As a former Waldorf class teacher, I've seen firsthand how unchecked screentime from films, tv and computer games can adversely affect young children as they grow, but I also believe in doing what I can as a parent to educate and turn a potential problem into an opportunity - and to meet the modern world carefully and at our own speed. I started this project four years ago, it's been going really well. Here's the latest update.
While my eight-year-old daughter doesn't play with computers or watch television at home, I've been introducing her to a curated collection of films very slowly and exposing her to the whole history of moving pictures in a way that mirrors her own growth and understanding a little more closely.
The concept here is that children should be educated in all things by starting at the very beginning as that is the place where their own development most closely mirrors what they're looking at. If you introduce children to forms that are too sophisticated for them at too early of an age, they will digest it poorly and lose the ability or the appetite to understand and enjoy earlier, simpler forms. This creates a missed opportunity, and the "waking up" of children too early is a common problem in today's education.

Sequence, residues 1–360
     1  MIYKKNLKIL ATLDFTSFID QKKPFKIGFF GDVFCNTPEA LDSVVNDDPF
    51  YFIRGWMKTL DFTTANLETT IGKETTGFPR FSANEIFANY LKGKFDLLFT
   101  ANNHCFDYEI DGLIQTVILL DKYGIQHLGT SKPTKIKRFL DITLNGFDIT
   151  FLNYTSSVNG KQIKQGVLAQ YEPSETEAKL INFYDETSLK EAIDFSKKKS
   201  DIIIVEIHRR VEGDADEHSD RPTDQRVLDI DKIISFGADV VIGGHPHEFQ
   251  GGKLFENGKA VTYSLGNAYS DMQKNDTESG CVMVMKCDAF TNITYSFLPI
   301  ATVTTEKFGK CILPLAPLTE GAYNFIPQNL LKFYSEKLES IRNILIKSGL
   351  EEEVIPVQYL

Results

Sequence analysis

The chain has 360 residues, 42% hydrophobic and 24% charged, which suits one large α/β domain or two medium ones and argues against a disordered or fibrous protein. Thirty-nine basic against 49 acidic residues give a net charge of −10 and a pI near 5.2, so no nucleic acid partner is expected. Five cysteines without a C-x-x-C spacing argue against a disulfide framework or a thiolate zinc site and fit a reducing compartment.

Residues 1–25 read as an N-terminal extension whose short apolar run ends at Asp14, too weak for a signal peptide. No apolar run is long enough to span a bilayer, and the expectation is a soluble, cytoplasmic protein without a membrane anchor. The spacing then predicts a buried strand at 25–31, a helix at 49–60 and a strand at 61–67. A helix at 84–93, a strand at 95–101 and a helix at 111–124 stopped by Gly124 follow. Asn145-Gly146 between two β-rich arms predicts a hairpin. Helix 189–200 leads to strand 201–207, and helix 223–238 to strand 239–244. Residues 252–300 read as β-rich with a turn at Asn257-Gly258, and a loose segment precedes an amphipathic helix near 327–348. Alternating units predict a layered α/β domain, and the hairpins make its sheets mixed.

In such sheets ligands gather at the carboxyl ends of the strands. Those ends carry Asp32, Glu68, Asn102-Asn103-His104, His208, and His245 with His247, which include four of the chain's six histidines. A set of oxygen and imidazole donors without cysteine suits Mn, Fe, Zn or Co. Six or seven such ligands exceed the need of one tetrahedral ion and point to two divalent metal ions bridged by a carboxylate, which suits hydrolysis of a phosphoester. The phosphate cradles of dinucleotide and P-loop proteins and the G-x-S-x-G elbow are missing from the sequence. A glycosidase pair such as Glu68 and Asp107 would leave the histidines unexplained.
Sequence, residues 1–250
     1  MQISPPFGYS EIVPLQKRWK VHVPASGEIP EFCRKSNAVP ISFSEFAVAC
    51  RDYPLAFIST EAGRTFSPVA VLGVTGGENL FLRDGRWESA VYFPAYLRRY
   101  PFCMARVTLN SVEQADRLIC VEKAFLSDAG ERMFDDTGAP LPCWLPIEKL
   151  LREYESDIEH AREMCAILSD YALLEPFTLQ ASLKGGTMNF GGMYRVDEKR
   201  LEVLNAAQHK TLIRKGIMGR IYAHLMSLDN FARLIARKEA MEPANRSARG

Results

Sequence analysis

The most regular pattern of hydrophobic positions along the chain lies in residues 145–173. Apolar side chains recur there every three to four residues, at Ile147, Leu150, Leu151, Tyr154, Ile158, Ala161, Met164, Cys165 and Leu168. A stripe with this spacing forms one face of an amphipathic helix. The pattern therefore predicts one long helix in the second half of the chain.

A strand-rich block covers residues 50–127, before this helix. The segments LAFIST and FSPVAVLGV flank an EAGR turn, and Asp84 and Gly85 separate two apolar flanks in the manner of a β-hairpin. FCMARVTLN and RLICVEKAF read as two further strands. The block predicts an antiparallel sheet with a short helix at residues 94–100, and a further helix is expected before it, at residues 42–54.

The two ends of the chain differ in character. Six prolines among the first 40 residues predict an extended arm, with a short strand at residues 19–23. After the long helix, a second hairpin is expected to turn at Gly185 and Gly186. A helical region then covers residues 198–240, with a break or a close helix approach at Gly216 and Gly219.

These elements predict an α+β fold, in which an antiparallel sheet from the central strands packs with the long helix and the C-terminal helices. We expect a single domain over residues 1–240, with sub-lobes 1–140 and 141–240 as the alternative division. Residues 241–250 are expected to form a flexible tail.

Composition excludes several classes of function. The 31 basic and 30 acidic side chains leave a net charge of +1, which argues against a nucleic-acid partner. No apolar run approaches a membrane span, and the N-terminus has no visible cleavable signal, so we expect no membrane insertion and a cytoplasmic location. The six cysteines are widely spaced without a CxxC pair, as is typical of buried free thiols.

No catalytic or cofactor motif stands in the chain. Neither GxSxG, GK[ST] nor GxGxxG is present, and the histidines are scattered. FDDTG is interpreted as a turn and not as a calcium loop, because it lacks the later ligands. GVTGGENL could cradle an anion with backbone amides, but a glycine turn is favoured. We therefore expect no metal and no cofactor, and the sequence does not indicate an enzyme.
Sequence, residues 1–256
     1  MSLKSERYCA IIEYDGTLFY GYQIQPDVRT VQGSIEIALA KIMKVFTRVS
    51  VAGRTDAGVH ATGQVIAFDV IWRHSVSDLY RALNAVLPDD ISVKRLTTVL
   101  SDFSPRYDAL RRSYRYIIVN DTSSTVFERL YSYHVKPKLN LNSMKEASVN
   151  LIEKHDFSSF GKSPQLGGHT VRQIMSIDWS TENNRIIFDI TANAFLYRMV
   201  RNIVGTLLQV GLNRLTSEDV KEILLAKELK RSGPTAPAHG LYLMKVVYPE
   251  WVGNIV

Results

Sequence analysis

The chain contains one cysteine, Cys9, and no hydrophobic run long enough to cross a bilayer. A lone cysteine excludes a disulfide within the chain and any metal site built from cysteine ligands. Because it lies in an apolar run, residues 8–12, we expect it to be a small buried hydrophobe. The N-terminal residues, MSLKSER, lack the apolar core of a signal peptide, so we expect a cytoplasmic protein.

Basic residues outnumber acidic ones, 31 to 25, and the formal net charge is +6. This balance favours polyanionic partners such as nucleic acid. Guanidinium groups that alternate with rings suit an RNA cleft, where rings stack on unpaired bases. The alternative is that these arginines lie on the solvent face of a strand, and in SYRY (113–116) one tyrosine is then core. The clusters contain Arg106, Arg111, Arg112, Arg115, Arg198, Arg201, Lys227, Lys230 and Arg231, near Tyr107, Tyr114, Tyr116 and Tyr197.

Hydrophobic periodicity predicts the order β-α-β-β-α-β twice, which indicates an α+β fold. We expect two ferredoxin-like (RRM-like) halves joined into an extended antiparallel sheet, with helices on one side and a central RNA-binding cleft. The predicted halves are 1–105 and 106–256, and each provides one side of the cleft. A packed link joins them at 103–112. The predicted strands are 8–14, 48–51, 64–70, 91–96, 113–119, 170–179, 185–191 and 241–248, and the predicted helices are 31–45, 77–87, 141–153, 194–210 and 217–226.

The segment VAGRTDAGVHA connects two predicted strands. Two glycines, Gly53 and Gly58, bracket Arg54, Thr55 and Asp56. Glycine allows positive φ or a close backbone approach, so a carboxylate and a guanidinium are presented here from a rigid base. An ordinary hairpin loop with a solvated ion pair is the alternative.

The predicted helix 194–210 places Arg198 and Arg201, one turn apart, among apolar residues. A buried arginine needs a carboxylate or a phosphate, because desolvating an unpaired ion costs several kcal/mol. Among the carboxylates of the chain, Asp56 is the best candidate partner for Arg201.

Note: Watching films are NOT a replacement for telling stories or reading books to children. Both of those are FAR better and require their own imaginations to create the story. This project is just in the service of a battle against poor films and videos which surround us and which they will see somewhere even if you don't want them to. This project is meant to show some of the best, slowest and earliest bits of cinema, show them the potential and put some protein into the mix. Consider it homeopathic and a little bit goes a long way.